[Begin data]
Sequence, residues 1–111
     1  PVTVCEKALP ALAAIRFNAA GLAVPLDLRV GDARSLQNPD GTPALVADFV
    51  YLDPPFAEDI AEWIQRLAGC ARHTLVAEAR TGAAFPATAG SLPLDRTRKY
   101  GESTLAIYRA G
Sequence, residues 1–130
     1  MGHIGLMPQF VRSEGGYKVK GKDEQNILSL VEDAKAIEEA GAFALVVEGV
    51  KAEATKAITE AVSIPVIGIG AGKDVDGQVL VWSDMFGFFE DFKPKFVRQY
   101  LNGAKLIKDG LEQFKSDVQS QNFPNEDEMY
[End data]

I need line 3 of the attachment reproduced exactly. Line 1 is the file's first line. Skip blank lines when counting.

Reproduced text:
    51  YLDPPFAEDI AEWIQRLAGC ARHTLVAEAR TGAAFPATAG SLPLDRTRKY